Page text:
3 training modifications for older adults

The human body was designed to evolve and change. As our muscles, joints and bones mature, so should our training techniques. If you are an older adult, it’s important to make specific tweaks to your workout routine to help maintain muscle mass, bolster bone density, and prevent illness and disease.

Here are the top three ways you can modify your workout:

Work on your warm-up. Regardless of your age, a proper warm-up is necessary for easing into exercise.

Dynamic stretching (marching in place, arm circles, trunk twists) is a gentle way to promote circulation to the muscles and loosen tight joints. Before exercise, practice the above-mentioned movements for 3 to 5 minutes, or hop on the elliptical or treadmill for five minutes at a low speed and resistance.

Boost your balance. Balance is a vital factor for maintaining overall health and independence. Often, we move quickly throughout our day and simple activities such as stepping into a pair of pants or walking up a flight of stairs can easily lead to a fall if you lack proper balance.

Exercises such as Tai Chi, yoga or moves such as single-leg step ups can be practiced from the convenience and comfort of your home. Other balance-boosting moves include bird dogs and chair squats.

Chair squats: 25 repetitions
  • Begin by finding a sturdy chair or bench.
  • Sit tall, with your core muscles engaged and your shoulders back. Your knees should be bent at a 90-degree angle with your feet planted firmly on the floor.
  • Push through your heels to a standing position. Squeeze your glute muscles for two counts then slowly return to the seated position. Don’t rely on your hands for momentum.

Bird dogs: 10 repetitions
  • Start on your hands and knees. For support, perform this exercise on a carpeted floor or place a towel beneath your knees.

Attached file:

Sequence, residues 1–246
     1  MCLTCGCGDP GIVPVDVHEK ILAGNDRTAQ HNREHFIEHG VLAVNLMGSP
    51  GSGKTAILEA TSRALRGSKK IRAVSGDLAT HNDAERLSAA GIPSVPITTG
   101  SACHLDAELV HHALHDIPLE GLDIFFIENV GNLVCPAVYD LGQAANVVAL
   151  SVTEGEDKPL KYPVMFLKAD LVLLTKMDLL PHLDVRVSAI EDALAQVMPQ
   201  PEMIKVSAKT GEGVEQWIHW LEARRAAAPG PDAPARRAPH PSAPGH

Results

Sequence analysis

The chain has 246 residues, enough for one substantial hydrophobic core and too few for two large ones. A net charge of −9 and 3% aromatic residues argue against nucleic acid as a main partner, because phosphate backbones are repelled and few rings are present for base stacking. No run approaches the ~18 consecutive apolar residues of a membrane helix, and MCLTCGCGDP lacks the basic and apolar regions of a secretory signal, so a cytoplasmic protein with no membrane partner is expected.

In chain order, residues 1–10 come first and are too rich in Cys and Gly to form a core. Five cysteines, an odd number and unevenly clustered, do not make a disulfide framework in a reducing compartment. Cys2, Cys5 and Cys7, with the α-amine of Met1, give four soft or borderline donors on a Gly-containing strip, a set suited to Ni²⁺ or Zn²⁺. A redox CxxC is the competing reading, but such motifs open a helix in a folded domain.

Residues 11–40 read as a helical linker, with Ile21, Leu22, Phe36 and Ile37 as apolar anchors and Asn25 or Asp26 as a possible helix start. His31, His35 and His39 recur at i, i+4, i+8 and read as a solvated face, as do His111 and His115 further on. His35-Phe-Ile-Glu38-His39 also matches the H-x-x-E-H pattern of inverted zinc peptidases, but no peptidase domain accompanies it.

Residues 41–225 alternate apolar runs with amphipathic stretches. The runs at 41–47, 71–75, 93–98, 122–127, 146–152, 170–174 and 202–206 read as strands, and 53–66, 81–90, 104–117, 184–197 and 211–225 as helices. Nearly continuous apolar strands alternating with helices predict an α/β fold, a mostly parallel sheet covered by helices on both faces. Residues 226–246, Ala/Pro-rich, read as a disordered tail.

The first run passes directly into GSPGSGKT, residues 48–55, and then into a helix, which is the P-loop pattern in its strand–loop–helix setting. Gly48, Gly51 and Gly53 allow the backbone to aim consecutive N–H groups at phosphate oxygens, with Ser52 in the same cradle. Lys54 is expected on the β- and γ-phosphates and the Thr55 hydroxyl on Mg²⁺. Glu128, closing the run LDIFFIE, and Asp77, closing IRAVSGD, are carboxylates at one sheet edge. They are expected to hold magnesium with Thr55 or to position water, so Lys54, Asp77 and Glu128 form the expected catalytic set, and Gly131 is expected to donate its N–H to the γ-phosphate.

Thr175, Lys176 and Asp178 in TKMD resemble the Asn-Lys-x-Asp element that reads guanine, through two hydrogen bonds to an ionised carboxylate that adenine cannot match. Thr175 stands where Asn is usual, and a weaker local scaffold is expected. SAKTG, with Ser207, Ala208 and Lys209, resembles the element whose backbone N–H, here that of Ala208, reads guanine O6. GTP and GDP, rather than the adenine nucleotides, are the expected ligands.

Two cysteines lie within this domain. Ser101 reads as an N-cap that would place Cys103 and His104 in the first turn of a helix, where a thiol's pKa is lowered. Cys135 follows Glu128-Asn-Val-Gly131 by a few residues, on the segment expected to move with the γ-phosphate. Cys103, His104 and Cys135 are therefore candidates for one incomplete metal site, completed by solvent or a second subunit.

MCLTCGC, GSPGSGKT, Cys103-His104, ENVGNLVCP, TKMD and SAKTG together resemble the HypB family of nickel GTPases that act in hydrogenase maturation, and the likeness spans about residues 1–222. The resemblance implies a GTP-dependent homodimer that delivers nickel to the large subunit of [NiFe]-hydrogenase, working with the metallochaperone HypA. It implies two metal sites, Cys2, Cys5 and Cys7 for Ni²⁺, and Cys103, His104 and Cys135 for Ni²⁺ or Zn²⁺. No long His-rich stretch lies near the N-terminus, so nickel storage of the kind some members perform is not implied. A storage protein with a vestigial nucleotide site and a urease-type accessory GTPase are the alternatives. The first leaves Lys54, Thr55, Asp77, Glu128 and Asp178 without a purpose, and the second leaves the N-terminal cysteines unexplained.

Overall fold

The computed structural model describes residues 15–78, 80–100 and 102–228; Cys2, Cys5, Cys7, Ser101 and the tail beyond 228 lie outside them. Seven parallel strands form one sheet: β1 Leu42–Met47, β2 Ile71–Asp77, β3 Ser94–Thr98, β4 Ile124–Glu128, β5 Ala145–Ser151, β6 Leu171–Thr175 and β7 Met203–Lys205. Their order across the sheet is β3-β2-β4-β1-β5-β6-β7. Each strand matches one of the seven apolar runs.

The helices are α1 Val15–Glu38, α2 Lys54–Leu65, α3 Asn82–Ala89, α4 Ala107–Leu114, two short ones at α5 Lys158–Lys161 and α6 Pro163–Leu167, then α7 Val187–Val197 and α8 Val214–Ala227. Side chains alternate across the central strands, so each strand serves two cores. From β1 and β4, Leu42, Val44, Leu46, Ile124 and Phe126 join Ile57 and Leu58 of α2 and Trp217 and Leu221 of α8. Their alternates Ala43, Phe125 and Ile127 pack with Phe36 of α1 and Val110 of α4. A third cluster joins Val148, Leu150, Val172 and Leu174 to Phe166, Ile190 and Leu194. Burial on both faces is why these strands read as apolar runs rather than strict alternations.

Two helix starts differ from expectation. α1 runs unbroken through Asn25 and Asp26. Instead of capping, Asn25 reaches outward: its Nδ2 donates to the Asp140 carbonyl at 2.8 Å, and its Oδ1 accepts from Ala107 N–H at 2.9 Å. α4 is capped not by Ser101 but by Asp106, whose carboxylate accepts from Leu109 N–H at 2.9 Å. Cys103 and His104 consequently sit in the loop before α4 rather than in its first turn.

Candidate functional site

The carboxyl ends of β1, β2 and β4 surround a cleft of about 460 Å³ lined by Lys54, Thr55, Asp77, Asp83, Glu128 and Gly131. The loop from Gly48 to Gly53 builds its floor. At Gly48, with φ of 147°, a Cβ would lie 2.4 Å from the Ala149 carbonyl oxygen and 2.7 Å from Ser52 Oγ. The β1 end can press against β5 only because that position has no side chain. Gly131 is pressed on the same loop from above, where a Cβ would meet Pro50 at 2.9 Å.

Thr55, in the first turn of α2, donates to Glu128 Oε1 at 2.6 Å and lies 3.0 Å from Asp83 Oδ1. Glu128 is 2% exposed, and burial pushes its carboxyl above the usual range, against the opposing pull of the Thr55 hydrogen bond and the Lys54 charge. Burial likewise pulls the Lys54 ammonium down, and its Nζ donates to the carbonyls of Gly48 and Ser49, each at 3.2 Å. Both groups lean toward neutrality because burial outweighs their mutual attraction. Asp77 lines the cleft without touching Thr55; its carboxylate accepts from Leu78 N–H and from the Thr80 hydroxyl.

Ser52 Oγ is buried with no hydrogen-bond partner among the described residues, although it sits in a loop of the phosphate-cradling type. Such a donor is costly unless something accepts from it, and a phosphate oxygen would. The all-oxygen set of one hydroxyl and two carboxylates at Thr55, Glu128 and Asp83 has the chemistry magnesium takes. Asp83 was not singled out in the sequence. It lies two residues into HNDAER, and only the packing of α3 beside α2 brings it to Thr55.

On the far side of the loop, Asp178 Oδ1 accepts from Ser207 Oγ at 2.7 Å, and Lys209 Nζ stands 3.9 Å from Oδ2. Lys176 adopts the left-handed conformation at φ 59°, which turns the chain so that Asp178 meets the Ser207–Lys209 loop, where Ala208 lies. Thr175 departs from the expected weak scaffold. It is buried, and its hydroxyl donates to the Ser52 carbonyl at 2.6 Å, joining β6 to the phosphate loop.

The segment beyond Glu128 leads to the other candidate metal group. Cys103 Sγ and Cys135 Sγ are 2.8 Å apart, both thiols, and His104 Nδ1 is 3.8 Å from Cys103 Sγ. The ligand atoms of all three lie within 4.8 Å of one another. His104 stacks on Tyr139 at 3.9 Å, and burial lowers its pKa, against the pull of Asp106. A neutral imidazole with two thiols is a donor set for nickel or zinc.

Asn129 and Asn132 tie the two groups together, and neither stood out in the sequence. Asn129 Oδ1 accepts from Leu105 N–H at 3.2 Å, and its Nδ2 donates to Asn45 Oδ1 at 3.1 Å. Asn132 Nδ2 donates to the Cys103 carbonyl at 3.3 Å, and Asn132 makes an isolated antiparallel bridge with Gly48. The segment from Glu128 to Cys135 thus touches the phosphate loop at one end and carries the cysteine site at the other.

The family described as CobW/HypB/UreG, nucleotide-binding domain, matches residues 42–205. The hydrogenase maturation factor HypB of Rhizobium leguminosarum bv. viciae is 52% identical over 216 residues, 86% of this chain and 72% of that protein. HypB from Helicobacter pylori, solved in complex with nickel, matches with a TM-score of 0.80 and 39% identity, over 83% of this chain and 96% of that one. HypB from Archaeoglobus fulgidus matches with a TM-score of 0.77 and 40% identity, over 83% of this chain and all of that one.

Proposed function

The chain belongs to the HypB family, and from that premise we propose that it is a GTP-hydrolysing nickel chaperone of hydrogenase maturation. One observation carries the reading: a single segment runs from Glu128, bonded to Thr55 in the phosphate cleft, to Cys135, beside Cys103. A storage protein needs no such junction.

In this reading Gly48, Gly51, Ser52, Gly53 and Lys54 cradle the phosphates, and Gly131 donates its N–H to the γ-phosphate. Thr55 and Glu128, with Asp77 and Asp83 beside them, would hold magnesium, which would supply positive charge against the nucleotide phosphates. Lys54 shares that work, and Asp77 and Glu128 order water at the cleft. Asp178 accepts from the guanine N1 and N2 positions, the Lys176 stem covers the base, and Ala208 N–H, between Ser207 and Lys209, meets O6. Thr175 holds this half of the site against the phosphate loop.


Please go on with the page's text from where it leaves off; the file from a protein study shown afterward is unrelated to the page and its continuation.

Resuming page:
• Position your shoulders over your wrists and your hips above your knees.
  • Engage your abdominal muscles and slowly extend your right arm and left leg fully until they are parallel with the floor. Your arm and leg should form a straight line from your fingers through your toes.
  • Hold for five counts, then repeat on the opposite side. That’s one repetition.

Step Ups: 15 repetitions on each leg
  • Standing close to a bench, plant your right foot on the bench.
  • Push through your right heel as you bring your left leg up to meet the right.
  • Then lower your body back down to the starting position. That’s one repetition. Do not remove your right foot from the bench between repetitions.

Keep up with cardio. When it comes to a healthy heart, strong bones, and jolly joints, cardio is king. The goal is to elevate your heart rate for at least 30 minutes every day. Try to incorporate aerobic exercises into your everyday routine. Whether that means substituting a short car ride with a long walk, jog or bike ride, or taking the stairs instead of the elevator at the office, keeping up with your cardio is a must. Doing so can improve heart health, keep blood pressure regulated, and help whittle away excess fat around the waistline. The significance of a large midsection goes far beyond the ascetics. Inflammation, which is a contributing factor for many diseases, is linked to a bloated belly.

Just because you’re getting older, doesn’t mean you have to feel your age.

Ashley B. Greenblatt is a certified personal trainer and wellness coach. To learn more, visit ashleyblakefitness.com.